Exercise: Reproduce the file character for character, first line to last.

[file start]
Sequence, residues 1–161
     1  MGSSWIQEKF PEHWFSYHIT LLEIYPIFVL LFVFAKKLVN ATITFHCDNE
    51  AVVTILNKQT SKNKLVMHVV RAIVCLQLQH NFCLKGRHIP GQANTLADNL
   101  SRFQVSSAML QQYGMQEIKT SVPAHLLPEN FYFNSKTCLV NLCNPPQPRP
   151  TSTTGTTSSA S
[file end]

Sequence, residues 1–161
     1  MGSSWIQEKF PEHWFSYHIT LLEIYPIFVL LFVFAKKLVN ATITFHCDNE
    51  AVVTILNKQT SKNKLVMHVV RAIVCLQLQH NFCLKGRHIP GQANTLADNL
   101  SRFQVSSAML QQYGMQEIKT SVPAHLLPEN FYFNSKTCLV NLCNPPQPRP
   151  TSTTGTTSSA S